FREE – Readable and downloadable copy of the Portrait and biographical record of Genesee, Lapeer and Tuscola counties, Michigan published in 1892.
Muster Roll of Captain Samuel Burrell’s Company of Infantry in Detachment of drafted Militia of Maine, called into actual service the State, for the protection of its Northeastern Frontier, from twenty-fifth day of February, 1839, the time of its rendezvous Augusta, Maine, to the nineteenth day of April, 1839, when discharged or mustered.
Hampton History: an account of the Pennsylvania Hamptons in America in the line of John Hampton, Jr., of Wrightstown; with an appendix treating of some other branches.
Samuel Partridge, Sr., was born in Preston, Connecticut, in 1721. He married Ruth Woodward, and with her and seven of their children (one son remaining in Connecticut to care for the “old folks”) came to Norwich for a permanent settlement about 1765, and settled on a hill farm about one mile west from Norwich village, which farm remained in the possession of the Partridge family for three generations, until sold by the representatives of the estate of Abel Partridge, of the third generation, to the late Deacon John Dutton, who demolished the old mansion. The farm is now owned by
At the first enumeration of the inhabitants of eastern Vermont, as made by the authority of New York in 1771, Norwich was found to be the most populous of all the towns of Windsor County, having forty families and 206 inhabitants. Windsor followed with 203, and Hartford was third with 190. The aggregate population of the county (ten towns reported) was then but 1,205, mostly confined to the first and second tiers of towns west of the Connecticut River. Twenty years later, in 1791, Hartland led all the towns of the county with 1,652 inhabitants, Woodstock and Windsor coming next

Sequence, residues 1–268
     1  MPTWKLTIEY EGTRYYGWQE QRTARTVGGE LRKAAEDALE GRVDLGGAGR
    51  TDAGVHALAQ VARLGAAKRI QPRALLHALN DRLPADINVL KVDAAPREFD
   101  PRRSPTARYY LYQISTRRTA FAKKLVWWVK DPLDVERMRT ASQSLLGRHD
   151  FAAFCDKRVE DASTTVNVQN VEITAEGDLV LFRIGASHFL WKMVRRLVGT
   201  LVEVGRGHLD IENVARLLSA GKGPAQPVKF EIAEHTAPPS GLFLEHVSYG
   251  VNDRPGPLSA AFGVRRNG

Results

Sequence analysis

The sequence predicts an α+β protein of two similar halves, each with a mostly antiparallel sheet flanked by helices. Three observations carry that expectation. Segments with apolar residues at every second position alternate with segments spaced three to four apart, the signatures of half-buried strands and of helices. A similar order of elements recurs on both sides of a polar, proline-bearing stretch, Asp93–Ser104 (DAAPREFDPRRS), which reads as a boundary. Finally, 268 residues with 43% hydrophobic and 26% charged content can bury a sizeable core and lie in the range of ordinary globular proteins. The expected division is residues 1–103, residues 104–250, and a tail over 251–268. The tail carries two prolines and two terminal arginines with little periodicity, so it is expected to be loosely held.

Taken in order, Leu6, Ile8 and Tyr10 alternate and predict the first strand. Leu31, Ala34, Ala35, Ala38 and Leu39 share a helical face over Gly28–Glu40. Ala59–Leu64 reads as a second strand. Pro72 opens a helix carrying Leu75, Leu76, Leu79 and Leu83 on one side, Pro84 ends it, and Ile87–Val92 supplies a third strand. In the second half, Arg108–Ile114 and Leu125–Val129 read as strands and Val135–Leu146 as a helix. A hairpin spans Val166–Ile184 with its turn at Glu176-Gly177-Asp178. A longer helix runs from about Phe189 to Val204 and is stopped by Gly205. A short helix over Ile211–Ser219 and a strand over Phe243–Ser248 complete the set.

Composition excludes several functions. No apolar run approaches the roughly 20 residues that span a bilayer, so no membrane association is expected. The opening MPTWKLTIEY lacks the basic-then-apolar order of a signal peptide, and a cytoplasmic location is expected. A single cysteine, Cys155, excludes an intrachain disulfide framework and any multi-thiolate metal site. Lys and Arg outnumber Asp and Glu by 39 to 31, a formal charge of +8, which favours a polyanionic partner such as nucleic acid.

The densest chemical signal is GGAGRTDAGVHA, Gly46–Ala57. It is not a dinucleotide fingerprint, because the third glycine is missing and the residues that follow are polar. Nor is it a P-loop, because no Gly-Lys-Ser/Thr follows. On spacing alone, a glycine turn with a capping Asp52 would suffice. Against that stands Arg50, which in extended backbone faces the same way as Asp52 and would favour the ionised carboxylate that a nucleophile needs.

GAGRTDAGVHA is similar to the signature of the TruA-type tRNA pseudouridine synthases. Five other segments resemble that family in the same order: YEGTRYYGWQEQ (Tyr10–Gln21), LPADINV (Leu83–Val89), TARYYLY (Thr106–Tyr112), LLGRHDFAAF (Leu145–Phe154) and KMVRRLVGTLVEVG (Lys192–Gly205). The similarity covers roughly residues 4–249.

In 1940 and 1943, a survey of everyone who had lived in Washington County, Idaho continuously for 50 years or more, was made by the Weiser American. These pioneer residents were especially honored at the Fall Festival held in the fall of both years. So far as is known, the list compiled by the survey is complete and perhaps the only record of its kind in existence.
Vernon H. Branch of Wichita has had a successful career as a banker in Kansas covering a period of more than thirty-five years. In that time he has been officially identified with a number of important banks in different parts of the state, but is now concentrating all his efforts along the line of investment banking, and is one of the reliable investment bankers of Kansas. He came to Kansas when a youth. His birth occurred at Milwaukee, Wisconsin, February 3, 1863, but when he was two years of age his parents removed to Orwell, Vermont, his father’s childhood home.
Private, F. A. Hdqrs. Co. 63, 60th Reg.; of Guilford County; son of S. G. and C. S. Branch. Entered service Aug. 26, 1918, at Hickory, N.C. Sent to Camp Jackson. Mustered out at Camp Jackson, Jan. 23, 1919.
Charles M. Branch, a resident of Kansas since 1873, is a banker of thirty years experience and is president of the Citizens Bank of Hutchinson, one of the few institutions in the state with resources of over $1,000,000. Mr. Branch was born at Vinton, Benton County, Iowa, September 27, 1859. His English ancestors first settled in Vermont, and his grandfather, Minor Branch, moved his family from that state to Northern Indiana in pioneer times, and died in Indiana before Charles M. Branch was born. Phineas C. Branch, father of the Hutchinson banker, was one of the pioneer homesteaders of Reno